Livestock’s long shadow

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Livestock’s long shadow”, is an expression used by Food & Agriculture Organization (FAO) for their famous 2006 report “to assess the full impact of the livestock sector on environmental problems”.

Millions of vulnerable people rely on livestock in a changing climate, because animals adapt to difficult conditions and withstand climate shocks; unlike most crops. They unfortunately produce more greenhouse gas (GHG) than plants because of feed production, enteric fermentation, animal waste, and land-use change: all that accounts for 14,5% of global man-made GHG. But methane is 28 times more potent than carbone dioxyde, and cattle’s wonderful stomach is responsible for 30% of global methane emission[1]. Cattle's impact goes up to 9,5% of global GHG emissions when adding methane from cows waste and feed over-production (maize, soybean, various cereals) that eventually leads to deforestation.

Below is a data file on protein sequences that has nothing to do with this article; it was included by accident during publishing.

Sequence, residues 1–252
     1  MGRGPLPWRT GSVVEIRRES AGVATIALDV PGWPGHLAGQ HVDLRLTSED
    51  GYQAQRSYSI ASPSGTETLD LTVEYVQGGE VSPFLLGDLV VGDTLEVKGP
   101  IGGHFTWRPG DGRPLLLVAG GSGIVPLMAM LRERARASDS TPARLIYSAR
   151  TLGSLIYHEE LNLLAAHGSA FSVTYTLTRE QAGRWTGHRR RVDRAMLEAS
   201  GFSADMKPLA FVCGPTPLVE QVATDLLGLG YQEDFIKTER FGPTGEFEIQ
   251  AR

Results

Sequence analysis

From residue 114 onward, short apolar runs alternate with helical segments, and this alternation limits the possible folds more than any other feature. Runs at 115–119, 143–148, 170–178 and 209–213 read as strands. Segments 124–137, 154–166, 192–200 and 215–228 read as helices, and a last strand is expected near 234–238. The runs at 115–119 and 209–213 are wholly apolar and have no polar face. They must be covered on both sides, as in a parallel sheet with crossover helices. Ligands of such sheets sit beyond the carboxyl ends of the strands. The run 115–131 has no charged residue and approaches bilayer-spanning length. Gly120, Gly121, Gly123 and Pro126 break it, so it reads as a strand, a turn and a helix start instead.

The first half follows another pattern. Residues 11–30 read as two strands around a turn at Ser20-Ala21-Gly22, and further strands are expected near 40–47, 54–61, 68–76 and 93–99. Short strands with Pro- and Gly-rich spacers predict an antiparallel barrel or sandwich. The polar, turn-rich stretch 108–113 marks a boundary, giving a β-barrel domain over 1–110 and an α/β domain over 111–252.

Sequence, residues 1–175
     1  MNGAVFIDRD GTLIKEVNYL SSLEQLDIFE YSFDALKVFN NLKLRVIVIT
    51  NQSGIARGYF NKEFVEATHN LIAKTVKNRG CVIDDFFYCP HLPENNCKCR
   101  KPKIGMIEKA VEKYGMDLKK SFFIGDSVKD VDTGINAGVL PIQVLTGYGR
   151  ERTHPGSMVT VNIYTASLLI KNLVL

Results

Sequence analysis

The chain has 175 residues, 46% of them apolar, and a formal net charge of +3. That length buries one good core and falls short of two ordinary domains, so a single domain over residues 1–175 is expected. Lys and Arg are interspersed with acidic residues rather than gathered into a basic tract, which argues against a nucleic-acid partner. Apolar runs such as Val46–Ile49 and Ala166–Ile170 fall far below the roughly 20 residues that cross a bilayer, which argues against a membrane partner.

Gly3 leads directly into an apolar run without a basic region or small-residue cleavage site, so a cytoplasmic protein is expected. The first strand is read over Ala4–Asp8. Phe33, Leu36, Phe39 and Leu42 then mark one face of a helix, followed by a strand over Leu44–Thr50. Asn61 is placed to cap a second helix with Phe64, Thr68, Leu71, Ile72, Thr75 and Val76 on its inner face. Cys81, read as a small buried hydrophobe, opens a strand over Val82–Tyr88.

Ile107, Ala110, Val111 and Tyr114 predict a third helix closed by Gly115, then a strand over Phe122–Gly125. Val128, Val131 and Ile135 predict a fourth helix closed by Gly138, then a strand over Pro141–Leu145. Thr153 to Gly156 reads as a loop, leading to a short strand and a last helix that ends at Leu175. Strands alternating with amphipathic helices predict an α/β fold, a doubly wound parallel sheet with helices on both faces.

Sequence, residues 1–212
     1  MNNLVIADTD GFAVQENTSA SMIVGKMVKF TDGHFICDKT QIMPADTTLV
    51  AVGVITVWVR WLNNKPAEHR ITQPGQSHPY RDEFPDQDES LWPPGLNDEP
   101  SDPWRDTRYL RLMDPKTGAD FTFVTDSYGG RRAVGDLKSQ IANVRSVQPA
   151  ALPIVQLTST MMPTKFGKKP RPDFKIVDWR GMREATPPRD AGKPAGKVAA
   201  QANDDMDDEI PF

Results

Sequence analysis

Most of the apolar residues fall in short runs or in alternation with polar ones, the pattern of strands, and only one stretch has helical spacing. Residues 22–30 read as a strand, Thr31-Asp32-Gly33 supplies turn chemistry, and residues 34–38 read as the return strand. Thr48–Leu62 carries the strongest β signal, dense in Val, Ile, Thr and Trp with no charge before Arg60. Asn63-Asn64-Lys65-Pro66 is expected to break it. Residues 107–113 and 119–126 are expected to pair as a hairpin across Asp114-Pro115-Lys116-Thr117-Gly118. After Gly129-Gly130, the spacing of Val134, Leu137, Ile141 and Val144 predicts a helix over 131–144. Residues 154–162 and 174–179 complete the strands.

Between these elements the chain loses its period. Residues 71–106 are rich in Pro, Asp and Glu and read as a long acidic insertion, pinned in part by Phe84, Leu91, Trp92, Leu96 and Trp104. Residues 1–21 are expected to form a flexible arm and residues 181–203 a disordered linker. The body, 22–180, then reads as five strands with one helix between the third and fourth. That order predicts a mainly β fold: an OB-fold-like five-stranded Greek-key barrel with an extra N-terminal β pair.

With 1 billion animals worldwide, cattle is an over-sized industry causing the “linear economy” to break the harmonious carbon cycle when feeding huge amount of exported feed to cows, resulting on an excessive production of manure (ergo GHG) and methane per hectare of land. It goes without saying that dairy and meat consumption should be reduced in Western countries, but as any agricultural system is always linked to a particular context, one can say that cattle is still very suitable to some regions such as the so-called dutch “Groene Hart”[2] where soils are wet and coevered with grass. Representing 8% of Netherland, these terrains called peatlands are the most efficient ways to stock carbon on Earth. Historically harvested for fuel, peat is now protected in the NL to keep the landscape's integrity: no other agriculture than livestock farming is allowed to legally be persued.


  1. We are here talking about enteric methane caused by grass fermentation
  2. In english: green heart